The Permian Basin led the way in helping Apache Corp. boost its output in North America during the second quarter, but low commodity prices forced another huge writedown, the second quarter in a row.
The first half of the year required a lot of hard choices, some of which will impact the company through 2015, CEO John J. Christmann IV said Thursday. Among other things, since the start of the year, 20% of the workforce has disappeared, either through asset sales or layoffs.
"In February, we established a plan to maintain relatively flat pro forma production in 2015, despite an aggressive 60% reduction in budgeted capital expenditures from 2014 levels," Christmann said. The plan was established after Apache recorded a $5.2 billion writedown in 1Q2015 because of falling commodity prices, and it set in motion drastic spending cuts that included decimating the North American rig count and cutting $2 billion from capital spending plans (see Shale Daily, Feb. 12).
Apache failed to escape the orbit of low commodity prices again in 2Q2015, with a one-time charge of $3.7 billion. Net losses in 2Q2015 totaled $5.6 billion (minus $14.83/share), which included the asset impairment and $1.9 billion one-time charges associated in part with selling a big chunk of its portfolio. Adjusted for the one-time items, 2Q2015 profits were $82 million net (22 cents/share). In 2Q2014, Apache earned $505 million ($1.17/share).
However, less spending didn't negatively impact North American production, which rose 3% sequentially in 2Q2015 to 317,000 boe/d. Output was led by a 13,500 boe/d increase in the Permian. Worldwide, Apache operated 34 rigs, with about half in North America.
Production delivery has gone well enough for Apache to raise its 2015 guidance in North America at 1-2% from a February forecast of no growth. Based on its results year-to-date, North American production guidance was raised to 305,000-308,000 boe/d.
In the Permian, Apache was operating 10 rigs during 2Q2015 and it completed 53 wells, down sequentially from 15 rigs and 88 wells. However, production averaged 172,000 boe/d, almost 9% more than in the first quarter. In the Delaware subbasin, five rigs were working, the same as in the first three months, while the Midland subbasin averaged three rigs and 20 completed wells. In the Permian's Central Basin platform/Northwest Shelf, two rigs on average were targeting the Yeso formation in Eddy County, NM.
In the Midcontinent area, Apache reduced its rig count to two, putting a target on the Woodford Shale/South Central Oklahoma Oil Province, Canyon Lime and Marmaton plays. Production fell 7% from 1Q2015, attributed to declining completion activity. The Gulf Coast area of Texas, where Apache is working the Eagle Ford Shale, Apache dropped all four rigs that had been working in 1Q2015. However, production still rose 20% sequentially by 2,400 boe/d as four new high-volume wells were placed on production.
Meanwhile, in Canada, output declined 3% or 1,900 boe/d from the first quarter. However, that actually was better than forecast, primarily because of decreased operational downtime and better well performance, Apache said.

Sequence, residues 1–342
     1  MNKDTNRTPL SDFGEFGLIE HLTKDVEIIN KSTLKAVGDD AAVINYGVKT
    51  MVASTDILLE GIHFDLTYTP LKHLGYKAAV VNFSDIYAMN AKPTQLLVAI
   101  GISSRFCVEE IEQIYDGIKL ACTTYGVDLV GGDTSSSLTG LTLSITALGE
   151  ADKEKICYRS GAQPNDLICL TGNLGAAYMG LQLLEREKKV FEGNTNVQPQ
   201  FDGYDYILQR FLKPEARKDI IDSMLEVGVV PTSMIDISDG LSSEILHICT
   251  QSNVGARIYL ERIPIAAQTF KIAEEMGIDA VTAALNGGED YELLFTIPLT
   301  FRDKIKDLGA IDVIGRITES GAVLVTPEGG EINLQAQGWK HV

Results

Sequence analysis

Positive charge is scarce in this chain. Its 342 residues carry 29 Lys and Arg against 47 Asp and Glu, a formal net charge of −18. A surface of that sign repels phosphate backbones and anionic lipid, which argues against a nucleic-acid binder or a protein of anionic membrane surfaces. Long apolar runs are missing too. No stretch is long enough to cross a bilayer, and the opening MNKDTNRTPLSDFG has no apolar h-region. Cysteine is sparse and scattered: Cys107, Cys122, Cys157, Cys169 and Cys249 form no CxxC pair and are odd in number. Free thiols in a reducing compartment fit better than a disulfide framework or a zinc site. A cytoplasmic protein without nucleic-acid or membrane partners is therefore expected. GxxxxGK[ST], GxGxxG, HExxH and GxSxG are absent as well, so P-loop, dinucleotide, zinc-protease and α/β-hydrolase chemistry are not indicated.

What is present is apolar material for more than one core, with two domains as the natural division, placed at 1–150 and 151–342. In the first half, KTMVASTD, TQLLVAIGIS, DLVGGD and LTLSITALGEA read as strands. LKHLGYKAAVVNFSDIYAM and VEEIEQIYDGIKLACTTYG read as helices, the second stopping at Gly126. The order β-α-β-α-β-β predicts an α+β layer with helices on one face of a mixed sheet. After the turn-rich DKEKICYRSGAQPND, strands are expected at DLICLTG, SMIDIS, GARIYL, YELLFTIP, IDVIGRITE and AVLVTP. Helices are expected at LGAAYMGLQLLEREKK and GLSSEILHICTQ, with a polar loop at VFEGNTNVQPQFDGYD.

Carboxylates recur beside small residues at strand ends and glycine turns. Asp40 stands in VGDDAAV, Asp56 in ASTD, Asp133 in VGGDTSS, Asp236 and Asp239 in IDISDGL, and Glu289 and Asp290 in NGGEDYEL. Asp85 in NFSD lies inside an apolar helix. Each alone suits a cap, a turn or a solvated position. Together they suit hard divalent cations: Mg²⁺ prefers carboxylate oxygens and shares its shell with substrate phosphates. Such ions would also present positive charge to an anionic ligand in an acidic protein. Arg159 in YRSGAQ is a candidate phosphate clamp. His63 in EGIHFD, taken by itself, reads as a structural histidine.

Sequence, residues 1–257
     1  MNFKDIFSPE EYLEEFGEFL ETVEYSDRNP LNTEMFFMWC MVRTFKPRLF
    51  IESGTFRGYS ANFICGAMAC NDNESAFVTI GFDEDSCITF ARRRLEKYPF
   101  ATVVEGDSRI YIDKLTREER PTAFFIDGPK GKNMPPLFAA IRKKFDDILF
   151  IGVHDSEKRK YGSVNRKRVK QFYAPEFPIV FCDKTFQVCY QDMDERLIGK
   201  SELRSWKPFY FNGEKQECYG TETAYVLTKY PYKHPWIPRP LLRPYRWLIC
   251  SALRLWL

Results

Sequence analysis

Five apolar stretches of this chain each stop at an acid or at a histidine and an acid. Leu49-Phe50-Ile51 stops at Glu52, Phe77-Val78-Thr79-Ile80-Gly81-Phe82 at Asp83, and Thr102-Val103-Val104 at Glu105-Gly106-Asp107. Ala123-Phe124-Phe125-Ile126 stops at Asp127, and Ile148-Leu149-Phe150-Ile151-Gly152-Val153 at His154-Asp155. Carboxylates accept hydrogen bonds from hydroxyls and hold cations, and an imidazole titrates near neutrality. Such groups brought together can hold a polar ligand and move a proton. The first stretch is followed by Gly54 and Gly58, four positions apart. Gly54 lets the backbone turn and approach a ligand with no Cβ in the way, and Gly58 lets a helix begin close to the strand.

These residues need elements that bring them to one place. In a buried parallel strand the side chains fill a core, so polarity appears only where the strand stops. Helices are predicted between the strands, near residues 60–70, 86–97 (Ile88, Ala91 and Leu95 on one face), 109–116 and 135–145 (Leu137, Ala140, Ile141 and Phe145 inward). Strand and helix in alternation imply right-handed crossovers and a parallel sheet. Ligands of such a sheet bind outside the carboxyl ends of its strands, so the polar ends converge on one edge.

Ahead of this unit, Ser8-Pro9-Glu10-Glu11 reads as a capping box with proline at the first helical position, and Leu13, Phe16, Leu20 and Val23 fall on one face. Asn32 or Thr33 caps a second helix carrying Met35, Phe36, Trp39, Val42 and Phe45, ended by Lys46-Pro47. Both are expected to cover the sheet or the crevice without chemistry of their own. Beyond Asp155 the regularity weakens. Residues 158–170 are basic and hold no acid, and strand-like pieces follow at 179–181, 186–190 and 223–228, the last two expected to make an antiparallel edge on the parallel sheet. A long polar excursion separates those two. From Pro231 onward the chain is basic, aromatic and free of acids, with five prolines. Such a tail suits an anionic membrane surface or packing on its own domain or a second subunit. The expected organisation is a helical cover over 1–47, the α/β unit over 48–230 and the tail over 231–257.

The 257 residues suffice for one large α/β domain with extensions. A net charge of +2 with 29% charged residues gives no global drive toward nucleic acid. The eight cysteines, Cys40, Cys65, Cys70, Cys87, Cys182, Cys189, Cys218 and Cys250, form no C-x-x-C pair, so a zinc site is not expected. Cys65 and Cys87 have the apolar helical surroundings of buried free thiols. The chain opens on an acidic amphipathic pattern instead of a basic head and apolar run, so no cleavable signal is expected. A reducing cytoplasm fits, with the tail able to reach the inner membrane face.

The 2015 capital spending guidance has been reduced to $3.4-3.9 billion from $3.6-3.9 billion. Even so, capital efficiencies and lower costs are enabling the company to increase its onshore North American activity levels in the second half of the year, where it plans to average 16 rigs in the second half of the year, with all but three in the Permian.
"Apache expects to reach total depth on an additional 40-50 wells and complete an additional 30-35 wells beyond its original plan for 2015. The company continues to anticipate that it will have a backlog of 80-100 drilled-but-uncompleted wells in North America at the end of 2015."
The increase in activity to the end of the year is not expected to have a material impact on our full-year 2015 production; however, it will establish a positive production trajectory in the fourth quarter and heading into 2016," Christmann said.
During 2Q2015, Apache completed the sale of its liquefied natural gas business and its remaining Australian assets.
"Exiting these businesses eliminated our exposure to projects with large capital spending commitments and uncertain project timing," the CEO said. "We deployed a portion of the proceeds from these sales to pay down debt, leaving our balance sheet in excellent shape and positioning us for success in this low commodity price environment.
"Importantly, during the first half of 2015, we quickly and cost effectively reduced our drilling and completion activity, commensurate with the deteriorating oil-and-gas price environment. We have also restructured our operational organization to better align with and support our more focused asset base."
The producer made progress on its cost structures, realizing a 25% reduction year/year in average per-well drilling/completion costs. Lease operating costs/boe fell by 13% from 2Q2014. It also received $5.7 billion for its asset sales during the quarter and a portion of the proceeds was used to repay $2.7 billion of outstanding debt. At the end of June, Apache's long-term debt was $9.7 billion and it had $3 billion in cash.